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Wednesday, July 17, 2024

DFA asked to restore appointment slots for travel agencies

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A group of accredited travel agencies appealed to the Department of Foreign Affairs to reimpose their previously 1,000 allotted slots for passport renewal and application processing.

Philippine Travel Agencies Association president Marlene Dado Jante said the yearly P500 accreditation fee to process passport imposed by the DFA would be useless if they do not have the 1,000 allotted slots.

In a press conference, Jante said that the PTAA fully supports the DFA’s drive in weeding out unscrupulous individuals selling bogus appointments for passport processing but at the same time, they want their members operations to continue and expand.

“We want the travel agencies appointment slots restored,” Jante said, requesting DFA chief Alan Peter Cayetano to hold consultation with them.

Jante noted that apart from the P500 fee or P128,000 that the DFA receive every year for the accreditation, travel agencies are also required to submit a surety bond of  P200,000.

On July 31, 2017, the DFA “temporarily” removed the online appointment slots of travel agencies due to streamlining the passport process and “cleansing” unscrupulous and bogus fixers.

However, despite the temporary removal, the DFA advised the travel agencies to still submit their application for yearly.

“Ang pangako nila three months lang, maire-restore ulit. Sinabi sa amin i-sususpende muna pansamantala,” Jante said.

“(Pero) nagtaka kami bakit hindi na sila nagpatawag sa amin ng meeting. Naaka unfair para sa travel association,” she said.

Jante said that Cayetano has been quiet about their plea and never held a consultation with them, a usual when a new DFA secretary takes over.

She said that it was DFA undersecretary Jose Montales who was coordinating with them on passport processing.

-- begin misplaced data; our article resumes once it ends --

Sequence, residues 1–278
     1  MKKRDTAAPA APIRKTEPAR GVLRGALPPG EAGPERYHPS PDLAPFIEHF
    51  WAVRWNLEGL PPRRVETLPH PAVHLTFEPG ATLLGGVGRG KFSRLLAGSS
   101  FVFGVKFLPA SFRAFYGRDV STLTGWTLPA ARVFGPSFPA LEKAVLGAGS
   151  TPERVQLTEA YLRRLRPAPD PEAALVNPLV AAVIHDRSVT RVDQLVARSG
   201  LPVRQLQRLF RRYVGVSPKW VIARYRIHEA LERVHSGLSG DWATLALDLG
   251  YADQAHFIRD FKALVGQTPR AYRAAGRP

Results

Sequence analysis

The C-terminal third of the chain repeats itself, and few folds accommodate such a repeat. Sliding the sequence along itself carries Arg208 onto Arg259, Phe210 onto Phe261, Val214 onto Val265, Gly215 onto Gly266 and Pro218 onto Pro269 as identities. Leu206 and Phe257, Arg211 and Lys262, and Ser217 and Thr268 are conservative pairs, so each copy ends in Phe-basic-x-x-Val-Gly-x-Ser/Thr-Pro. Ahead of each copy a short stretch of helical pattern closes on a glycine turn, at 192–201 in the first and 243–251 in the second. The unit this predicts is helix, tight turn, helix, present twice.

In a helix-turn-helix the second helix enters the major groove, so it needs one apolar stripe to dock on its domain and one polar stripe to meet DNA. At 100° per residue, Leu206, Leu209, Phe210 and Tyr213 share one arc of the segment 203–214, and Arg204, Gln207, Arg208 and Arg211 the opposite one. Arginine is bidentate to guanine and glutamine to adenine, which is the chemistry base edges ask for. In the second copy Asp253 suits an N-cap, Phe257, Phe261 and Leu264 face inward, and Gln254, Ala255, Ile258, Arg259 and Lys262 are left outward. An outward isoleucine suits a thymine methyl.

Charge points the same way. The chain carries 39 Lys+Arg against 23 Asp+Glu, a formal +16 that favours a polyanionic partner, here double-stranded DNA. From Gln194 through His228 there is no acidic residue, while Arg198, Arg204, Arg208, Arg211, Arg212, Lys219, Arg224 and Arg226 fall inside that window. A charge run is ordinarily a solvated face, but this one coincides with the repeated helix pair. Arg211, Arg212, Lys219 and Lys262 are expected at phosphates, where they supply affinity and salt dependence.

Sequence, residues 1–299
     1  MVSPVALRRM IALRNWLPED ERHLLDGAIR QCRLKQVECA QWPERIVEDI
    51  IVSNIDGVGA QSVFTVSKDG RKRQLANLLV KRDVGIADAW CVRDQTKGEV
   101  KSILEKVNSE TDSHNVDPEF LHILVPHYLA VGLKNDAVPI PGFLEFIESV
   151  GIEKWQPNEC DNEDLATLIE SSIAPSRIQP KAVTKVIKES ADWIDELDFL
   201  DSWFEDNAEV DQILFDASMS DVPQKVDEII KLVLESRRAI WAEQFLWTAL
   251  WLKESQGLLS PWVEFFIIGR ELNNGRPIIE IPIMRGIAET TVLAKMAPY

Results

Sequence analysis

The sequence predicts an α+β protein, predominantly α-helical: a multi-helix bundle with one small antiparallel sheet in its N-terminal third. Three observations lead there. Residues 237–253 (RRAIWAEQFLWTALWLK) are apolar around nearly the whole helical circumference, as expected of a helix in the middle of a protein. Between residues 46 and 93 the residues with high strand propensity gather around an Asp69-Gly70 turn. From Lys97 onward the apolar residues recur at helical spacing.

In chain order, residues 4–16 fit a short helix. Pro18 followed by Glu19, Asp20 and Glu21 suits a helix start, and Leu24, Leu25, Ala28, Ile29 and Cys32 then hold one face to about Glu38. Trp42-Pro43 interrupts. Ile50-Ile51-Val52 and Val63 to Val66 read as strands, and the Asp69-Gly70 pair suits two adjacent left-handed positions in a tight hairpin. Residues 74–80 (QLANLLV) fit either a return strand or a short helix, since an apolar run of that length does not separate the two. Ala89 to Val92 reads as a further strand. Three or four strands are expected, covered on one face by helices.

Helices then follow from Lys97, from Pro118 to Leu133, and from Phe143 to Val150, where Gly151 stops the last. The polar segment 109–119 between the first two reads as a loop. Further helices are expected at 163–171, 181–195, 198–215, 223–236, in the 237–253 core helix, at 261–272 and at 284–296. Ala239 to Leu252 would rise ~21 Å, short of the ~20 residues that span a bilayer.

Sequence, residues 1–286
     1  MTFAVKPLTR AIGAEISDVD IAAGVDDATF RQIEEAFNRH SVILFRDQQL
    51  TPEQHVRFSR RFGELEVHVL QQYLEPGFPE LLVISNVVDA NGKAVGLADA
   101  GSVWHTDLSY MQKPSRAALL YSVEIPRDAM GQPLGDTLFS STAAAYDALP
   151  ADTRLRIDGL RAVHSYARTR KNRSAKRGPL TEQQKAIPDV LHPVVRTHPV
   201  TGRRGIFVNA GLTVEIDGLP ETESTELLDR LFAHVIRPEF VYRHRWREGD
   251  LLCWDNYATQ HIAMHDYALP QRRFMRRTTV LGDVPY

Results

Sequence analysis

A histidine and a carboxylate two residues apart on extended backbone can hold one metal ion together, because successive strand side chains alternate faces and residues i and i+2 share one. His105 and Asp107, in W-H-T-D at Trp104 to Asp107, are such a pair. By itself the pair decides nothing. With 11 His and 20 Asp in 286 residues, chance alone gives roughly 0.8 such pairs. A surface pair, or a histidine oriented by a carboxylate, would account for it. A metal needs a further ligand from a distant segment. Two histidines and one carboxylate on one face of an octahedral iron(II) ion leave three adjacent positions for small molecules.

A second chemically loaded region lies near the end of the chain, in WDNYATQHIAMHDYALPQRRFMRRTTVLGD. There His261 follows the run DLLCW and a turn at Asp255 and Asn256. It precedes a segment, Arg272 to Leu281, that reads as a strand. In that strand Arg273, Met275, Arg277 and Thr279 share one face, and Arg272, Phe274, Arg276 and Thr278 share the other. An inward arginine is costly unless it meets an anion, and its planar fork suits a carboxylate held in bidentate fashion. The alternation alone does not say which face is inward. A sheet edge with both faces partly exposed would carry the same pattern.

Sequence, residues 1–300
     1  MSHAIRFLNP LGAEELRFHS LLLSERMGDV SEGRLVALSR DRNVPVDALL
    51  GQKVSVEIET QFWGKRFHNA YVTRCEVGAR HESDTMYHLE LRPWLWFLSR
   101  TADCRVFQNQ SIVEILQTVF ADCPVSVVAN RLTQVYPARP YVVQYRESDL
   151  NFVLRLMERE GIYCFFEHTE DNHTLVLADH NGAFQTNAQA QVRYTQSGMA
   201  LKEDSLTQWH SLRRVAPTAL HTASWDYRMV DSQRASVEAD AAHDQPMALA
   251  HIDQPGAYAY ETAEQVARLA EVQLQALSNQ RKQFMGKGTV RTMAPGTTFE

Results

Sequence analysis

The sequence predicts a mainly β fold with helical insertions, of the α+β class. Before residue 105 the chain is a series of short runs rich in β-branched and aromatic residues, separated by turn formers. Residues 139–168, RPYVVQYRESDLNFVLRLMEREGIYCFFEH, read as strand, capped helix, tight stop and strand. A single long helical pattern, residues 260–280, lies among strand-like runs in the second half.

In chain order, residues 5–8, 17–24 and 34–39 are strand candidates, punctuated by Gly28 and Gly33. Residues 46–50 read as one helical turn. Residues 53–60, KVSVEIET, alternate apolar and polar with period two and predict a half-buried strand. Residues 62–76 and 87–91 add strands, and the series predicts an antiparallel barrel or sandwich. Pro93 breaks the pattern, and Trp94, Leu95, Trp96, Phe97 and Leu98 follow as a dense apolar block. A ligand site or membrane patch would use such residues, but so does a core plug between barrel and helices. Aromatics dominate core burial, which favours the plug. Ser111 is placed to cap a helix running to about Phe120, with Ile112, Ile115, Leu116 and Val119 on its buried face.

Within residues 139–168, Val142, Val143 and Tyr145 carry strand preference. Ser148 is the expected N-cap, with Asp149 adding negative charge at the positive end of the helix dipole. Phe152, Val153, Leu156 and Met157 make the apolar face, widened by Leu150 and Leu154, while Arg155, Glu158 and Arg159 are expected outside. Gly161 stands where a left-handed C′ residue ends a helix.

Montales is a political appointee of Cayetano and a former administrator official of the latter’s wife Laarni, at the Taguig City Hall.

“Napakatahimik ni Secretary. Eto lang yung secretary na never humarap sa private sectors,” she added.

Jante said the July 31 decision came at a time when travel last year was about to enter its peak season.

“This resulted in loss of business from travel agencies,” she said.

Jante said accredited travel agencies have so far lost an estimated P10.240-million in revenues since the DFA removed the allotted slots.

She added that 15 percent of the revenue stream of some of the PTAA members comes from their passport processing services.

National Association of Independent Travel Agencies-Phils, Inc president Linda Tan said her agency was one of the 256 accredited travel agencies who lost an estimated P40,000.

She said they are receiving a minimum of 10 passport applicants a day.

“Since we no longer have slots, we have been refusing new clients everyday, and that’s more than 10,” she said.

She added that having 1,000 slots will not affect the online appointment at the DFA website for Filipinos who opted to set schedule manually since they are given an access to the portal.

Tan said that in her agency, they only charge a service fee of P500 for regular passport application; and P800 for express application.

“If they restore our allotted slots, there will be no reason for us to make appointment on their website and the online appointment will be allotted to the public,” she said.

Section 6 of the Philippine Passport Act of 1996 states that “In case of renewal the application may be filed by any licensed travel agency duly accredited by the Department of Foreign Affairs: Provided, that the agent shall be responsible for the authenticity of bona fide of the supporting documents being presented to meet the requirements for the application of passports”.

“From there, it is already clear that under the law, travel agencies are allowed to assist their clients in processing their passport applications,” she said.

“This partnership was worked on painstakingly by or association…we believe the PTAA has been very good partner of the DFA in providing our countrymen with passports,” she said.

In 2012, the DFA processed 10,000 daily passport application with 7,500 of them through Teleserv, 1000 through travel agencies, and 1,500 direct applications or only 10-percent allocation for travel agencies.

“If we are still given the same 1,000 slots daily, that would only be seven percent of the total passports being processed by the DFA, which is now at 14,000,” she added.

Jante expressed confidence that the wash down rate for travel agencies will still be much smaller as compared to the DFA.

“The DFA is correct in stating that with the increase in applications, it is going to face some serious backlog,” she said.

“The solution is to apportion the responsibility and not to block accredited travel agencies from assisting the government,” Jantes added.


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